The dimeric interface involves a mixture of hydrophobic and hydrophilic contacts (Fig. 2b). Contributing centrally to the hydrophobic dimeric interactions are Ile431, Leu433 and Ile435, in the extended region of polypeptide between helix 4 and helix 5. These residues pack against a hydrophobic surface formed by residues Tyr303′, Leu307′ and Val310′ in helix 2 and Leu403′ from loop L5. (Primes designate partner subunit.) IRF5 residues Ile431, Leu433 and Ile435 are homologous to IRF3 residues Val391, Leu393 and Ile395, respectively, which pack against the CBP/p300 binding surface in monomeric IRF3 31. These three positions are largely occupied by Ile, Leu and Val residues among the IRF family members, as are many of the acceptor residues (Supplementary Fig. 4). Ile, Leu and Val residues have been shown in folding studies to be particularly suitable for forming stable hydrophobic clusters34. Thus, packing of these branched hydrophobic amino acids likely contributes to the overall stability of the dimeric IRF5 interface.
Hydrophilic interactions provide specificity to the dimer and dominate the contact involving the region near the beginning of helix 5 (Fig. 2b). Key hydrophilic interactions involve Asp442 (helix5) with Arg353′ (loop3), Lys449 (helix 5) with Asp309′ and Asp312′ (in helix 2), Lys441 (helix 5) with Glu354′ (loop L3) and Ser436 with Arg328′ (strand β6) (Fig. 2b and Supplementary Fig. 5). This constellation of hydrophilic interactions contributes to the complementarity of the dimeric interface.
One exception to the hydrophilic interface interactions of helix 5 is Val445 (Fig. 2b). Val445 is within 4.5Å of three hydrophobic residues in the partner subunit: Leu269, Leu278 and Phe279. These residues are in loop L1, which is substantially longer in IRF5 than in several other IRF family members (Supplementary Fig. 4). Although these interactions are not tight, the exclusion of water may contribute to greater stability of the IRF5 dimer relative to those of other IRF family members.
Helix capping hydrogen bonds35 involving carbonyl oxygen atoms at the C-termini of helices 3 and 4 (Fig. 2c) also contribute to the dimeric interface. Helix 3 is capped by a likely hydrogen bond with Lys401′. The last turn of helix 4 in dimeric IRF5 is unwound relative to that of monomeric IRF3 and appears to be stabilized by two helix capping hydrogen bonds, involving Arg247′ and Gln373 (Fig. 2c). These hydrogen bonds may play a central role in the formation of the dimer by favoring unwinding of the last turn of helix 4, thus contributing to the extended polypeptide between helices 4 and 5 that participates in other key dimeric interactions.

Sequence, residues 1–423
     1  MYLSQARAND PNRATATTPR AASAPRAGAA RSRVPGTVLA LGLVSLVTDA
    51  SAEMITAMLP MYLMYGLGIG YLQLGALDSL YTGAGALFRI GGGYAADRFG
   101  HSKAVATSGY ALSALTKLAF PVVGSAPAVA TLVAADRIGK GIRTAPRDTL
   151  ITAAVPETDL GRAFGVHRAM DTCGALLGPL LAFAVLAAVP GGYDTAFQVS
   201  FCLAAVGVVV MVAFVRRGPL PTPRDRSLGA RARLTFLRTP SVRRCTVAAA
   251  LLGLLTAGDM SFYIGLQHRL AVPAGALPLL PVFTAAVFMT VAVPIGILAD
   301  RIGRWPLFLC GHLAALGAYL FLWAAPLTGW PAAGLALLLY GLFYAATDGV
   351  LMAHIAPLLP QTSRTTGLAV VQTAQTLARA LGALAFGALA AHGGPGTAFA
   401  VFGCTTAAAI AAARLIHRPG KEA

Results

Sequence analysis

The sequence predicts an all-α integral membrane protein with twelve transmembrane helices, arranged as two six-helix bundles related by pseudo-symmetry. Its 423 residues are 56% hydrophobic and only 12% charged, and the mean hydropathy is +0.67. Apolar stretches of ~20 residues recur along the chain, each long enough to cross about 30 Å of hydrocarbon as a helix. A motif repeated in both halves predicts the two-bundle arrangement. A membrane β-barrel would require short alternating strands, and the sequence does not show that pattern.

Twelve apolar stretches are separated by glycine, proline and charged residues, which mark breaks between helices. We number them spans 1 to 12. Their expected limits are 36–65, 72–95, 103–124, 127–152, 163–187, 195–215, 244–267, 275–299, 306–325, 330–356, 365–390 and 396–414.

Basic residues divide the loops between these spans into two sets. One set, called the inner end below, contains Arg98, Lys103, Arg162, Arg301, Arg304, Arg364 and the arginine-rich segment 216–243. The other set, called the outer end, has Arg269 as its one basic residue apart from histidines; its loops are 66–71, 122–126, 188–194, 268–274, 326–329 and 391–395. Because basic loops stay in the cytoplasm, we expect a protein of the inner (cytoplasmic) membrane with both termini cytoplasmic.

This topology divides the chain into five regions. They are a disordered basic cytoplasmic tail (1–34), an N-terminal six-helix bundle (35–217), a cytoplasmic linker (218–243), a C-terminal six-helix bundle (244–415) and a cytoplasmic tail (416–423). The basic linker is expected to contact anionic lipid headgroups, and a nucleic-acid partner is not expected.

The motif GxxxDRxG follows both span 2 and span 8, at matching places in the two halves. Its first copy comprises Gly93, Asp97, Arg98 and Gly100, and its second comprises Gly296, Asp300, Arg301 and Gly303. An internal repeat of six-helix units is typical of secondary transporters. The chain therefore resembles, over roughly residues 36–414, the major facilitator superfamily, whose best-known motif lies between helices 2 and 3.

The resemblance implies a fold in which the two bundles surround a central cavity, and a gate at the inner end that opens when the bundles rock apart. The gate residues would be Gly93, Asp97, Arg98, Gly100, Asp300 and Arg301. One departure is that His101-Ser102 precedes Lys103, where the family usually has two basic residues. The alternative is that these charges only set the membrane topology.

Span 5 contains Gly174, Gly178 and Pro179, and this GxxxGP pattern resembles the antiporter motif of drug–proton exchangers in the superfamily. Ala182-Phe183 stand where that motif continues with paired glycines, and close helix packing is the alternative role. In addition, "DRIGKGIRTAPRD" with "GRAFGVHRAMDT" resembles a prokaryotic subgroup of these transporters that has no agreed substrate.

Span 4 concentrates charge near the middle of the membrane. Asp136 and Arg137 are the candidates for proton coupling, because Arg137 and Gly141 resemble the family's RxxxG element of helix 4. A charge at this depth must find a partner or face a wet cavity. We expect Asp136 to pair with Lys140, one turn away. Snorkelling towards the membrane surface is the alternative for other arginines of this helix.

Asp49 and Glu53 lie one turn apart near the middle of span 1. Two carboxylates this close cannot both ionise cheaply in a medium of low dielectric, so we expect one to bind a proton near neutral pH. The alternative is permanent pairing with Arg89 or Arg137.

ITC experiments (Table 1) implicate Ser425, Ser427, Ser430 and Ser436 as important phosphorylation sites. The IRF5 crystal structure shows that phosphorylated Ser425, Ser427 and Ser430 will not participate in dimeric contacts; rather phosphorylation of these residues likely contributes to activation by triggering the unfolding of the autoinhibitory structure in the monomer. In contrast, Ser436 is within hydrogen bonding distance of Arg328′ (Fig. 2d); Arg328 is one of the few absolutely conserved residues in human IRF3 through IRF9 (Supplementary Fig. 4). This interaction is likely to be strengthened upon phosphorylation of Ser436. The homologous residue in IRF3, Ser396, is very important for phosphorylation induced IRF3 activation28,36,37, with several studies suggesting that this site 2 residue is important for releasing autoinhibition but that phosphorylation of a site 1 residue (S385/S386) is required for dimerization38,39. Our structure suggests a more direct role for Ser436 in dimerization of IRF5. S436D showed a similar increase in affinity of IRF5 for binding CBP as did S430D (Table 1), despite a potential role of phosphorylated S436 in stabilization of the activated dimer. That S436D is not more stabilizing for CBP binding suggests that the phosphomimetic may not accurately mimic the stabilizing interactions of phosphoserine at 436 in the dimeric contact due to stereochemical and charge differences between aspartate and phosphoserine. Thus, phosphorylation of Ser425, Ser427 and Ser430 are likely to contribute to activation primarily by destabilizing the autoinhibitory conformation of C-terminal region, but the phosphorylation of Ser436 may additionally contribute directly to stabilization of the activated dimer.
We investigated the relevance of the crystallographically observed dimer by site-directed mutagenesis of key interface residues. Sites selected for mutation were based on their involvement in the dimeric interface, but also their likelihood of being exposed to solvent in the monomeric state. Mutants chosen to disrupt the hydrophobic packing interactions were L307D, V310D and L403D and those designed to disrupt ionic/hydrophilic interactions included D442R, R353D and R328E (Fig. 2b).